Olympics: Qiu diving for Chinese perfection

SHANGHAI - Without the benefit of a swimming pool for practice, China's Qiu Bo launched his diving career by jumping off trampolines into worn-out cushions, but now finds himself the key to his team's hopes of sweeping the Olympic competition.

The world champion will go head-to-head with home favourite Tom Daley in a battle of teenage dreamers for the 10-metre platform title at the Aquatics Centre, each facing crushing pressure for different reasons.

Daley, who stunned the world by winning the 2009 world title at the age of 15, faces the burden of expectation as his country's Olympic poster-boy, while 19-year-old Qiu must satisfy his peerless team's demands for perfection.

China's divers were denied their target of scooping all eight titles in Beijing when Zhou Luxin surrendered his lead and the 10m platform gold to Australia's Matthew Mitcham, leaving the home team one short of clean sweep.

Qiu can sympathise with Zhou. As a 16-year-old on the brink of winning gold at his first world championships in 2009, he executed his final dive poorly, allowing Daley to pip him for the title.

Qiu found redemption two years later at the 2011 world championships when he stormed to the 10m platform title in his home pool, and took a second in the synchronised 10m platform, helping his team pocket all 10 golds.

"The biggest challenge is from myself to beat myself. The aim is to win everything," he said at a World Series meeting in Dubai earlier this year, where China swept all eight titles.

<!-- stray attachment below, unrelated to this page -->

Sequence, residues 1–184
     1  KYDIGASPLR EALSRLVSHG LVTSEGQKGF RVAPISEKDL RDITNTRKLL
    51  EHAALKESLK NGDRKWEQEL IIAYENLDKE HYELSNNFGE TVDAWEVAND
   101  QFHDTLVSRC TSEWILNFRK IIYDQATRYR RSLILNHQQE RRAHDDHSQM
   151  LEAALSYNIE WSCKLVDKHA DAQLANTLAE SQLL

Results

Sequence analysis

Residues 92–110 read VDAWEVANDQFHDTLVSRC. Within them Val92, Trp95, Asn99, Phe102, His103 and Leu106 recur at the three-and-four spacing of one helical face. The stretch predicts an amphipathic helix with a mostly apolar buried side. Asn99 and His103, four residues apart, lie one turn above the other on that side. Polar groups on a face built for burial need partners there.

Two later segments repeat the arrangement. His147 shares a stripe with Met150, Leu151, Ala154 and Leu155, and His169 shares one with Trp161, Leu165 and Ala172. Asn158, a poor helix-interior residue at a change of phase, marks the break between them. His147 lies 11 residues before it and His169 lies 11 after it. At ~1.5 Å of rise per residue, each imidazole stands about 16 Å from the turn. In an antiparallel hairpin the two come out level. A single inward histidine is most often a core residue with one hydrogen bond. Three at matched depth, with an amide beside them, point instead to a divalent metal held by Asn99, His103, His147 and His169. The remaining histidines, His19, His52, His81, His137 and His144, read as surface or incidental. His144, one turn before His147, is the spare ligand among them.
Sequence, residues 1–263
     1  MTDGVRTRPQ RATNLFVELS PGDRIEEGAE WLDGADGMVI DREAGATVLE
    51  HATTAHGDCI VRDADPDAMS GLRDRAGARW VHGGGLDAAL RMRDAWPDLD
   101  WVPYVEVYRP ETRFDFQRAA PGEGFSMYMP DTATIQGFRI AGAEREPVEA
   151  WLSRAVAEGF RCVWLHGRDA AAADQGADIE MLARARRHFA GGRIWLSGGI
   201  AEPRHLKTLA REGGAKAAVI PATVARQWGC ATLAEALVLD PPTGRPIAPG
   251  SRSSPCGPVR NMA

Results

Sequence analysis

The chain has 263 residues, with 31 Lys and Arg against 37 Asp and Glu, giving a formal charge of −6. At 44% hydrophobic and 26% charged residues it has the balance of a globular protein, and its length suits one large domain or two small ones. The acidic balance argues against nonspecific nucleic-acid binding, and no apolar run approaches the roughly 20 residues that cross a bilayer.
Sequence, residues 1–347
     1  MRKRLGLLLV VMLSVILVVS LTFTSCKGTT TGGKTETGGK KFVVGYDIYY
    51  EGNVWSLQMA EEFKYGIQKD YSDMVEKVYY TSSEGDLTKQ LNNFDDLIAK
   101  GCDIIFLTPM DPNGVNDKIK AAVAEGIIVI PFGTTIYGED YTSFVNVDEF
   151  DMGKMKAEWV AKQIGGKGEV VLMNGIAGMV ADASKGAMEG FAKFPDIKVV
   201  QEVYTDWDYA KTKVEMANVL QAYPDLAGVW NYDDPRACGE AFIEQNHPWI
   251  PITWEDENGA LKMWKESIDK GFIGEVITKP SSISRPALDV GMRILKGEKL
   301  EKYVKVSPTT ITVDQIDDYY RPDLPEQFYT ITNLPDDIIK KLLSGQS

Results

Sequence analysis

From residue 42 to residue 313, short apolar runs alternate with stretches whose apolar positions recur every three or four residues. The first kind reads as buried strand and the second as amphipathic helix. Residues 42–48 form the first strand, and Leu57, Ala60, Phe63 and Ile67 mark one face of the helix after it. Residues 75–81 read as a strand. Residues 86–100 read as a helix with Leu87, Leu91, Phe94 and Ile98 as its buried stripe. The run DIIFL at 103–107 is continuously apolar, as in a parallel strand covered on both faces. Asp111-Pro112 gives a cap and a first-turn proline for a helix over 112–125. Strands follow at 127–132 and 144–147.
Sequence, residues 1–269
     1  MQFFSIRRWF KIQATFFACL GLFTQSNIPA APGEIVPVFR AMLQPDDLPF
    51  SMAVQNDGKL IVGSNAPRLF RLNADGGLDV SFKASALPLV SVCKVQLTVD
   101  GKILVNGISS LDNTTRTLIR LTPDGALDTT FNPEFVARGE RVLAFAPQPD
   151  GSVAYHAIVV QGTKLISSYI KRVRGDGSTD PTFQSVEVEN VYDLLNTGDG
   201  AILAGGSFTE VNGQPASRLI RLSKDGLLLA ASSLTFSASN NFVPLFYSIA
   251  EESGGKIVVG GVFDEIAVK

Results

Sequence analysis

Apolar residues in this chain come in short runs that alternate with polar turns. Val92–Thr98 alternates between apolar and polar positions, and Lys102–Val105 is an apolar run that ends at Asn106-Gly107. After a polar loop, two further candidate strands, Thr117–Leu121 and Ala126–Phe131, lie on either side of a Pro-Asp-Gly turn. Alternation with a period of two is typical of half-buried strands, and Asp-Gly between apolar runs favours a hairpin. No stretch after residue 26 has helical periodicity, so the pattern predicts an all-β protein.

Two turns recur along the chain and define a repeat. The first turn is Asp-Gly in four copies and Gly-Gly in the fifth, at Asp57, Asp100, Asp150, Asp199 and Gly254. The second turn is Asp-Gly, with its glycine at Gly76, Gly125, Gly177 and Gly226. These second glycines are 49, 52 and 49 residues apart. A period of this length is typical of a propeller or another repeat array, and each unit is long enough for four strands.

Qiu's emergence has eased a long headache for head diving coach Zhou Jihong, who had searched in vain for a diver to fill the enormous void left by 10m platform specialist Tian Liang, who captured gold at the 2000 Sydney Games and a 10m platform sychronised gold at Athens four years later.

Like many other Chinese Olympians, Qiu started from the humblest of beginnings, the son of laid-off factory workers in southwestern Sichuan province.

As a bouncy five-year-old, Qiu would mimic the handstands his gymnast uncle would perform and so impressed his family with his arm strength that they persuaded a local sports school to take him in.

With no pool at the school, training began in a shabby gymnasium that leaked on rainy days, but within two years, Qiu was diving for the provincial team despite the training fees swallowing his parents' combined salaries.

"He has always wanted to stick with the training, so we as parents had to clear the path for him," Qiu's mother Liu Liyu told Reuters in a phone interview.

His sturdy frame was seen as a disadvantage in a sport which places a premium on a splash-free entry.

"But he has naturally the skill to smoothly enter the water, plus he was very quiet and stable," his provincial-level coach Liu Meichuan told Reuters.

"He never tried to compete with others. Some kids would slack off in the training but Qiu would never stop until he got sweat all over himself."

Qiu has lived by the mantra of ignoring his rivals and focusing on his performance, which may prove crucial when he battles Daley and the home crowd at London.

Capturing Olympic gold would not only bring adulation in a country of 1.3 billion but also untold financial rewards from endorsements and grateful sports officials.

The Sichuan government paid out 500,000 yuan (S$100,000) for each gold home-grown athletes brought back from Beijing in 2008, a small fortune in a hardscrabble province where relatively affluent urban residents earn an average annual income of about $2,400.

"If he won, we would use the money to buy a home," said Qiu's mother, who with her husband have never owned one in their lives.

"I will watch his event, but I won't watch the last two dives," she said. "I will feel extremely nervous."

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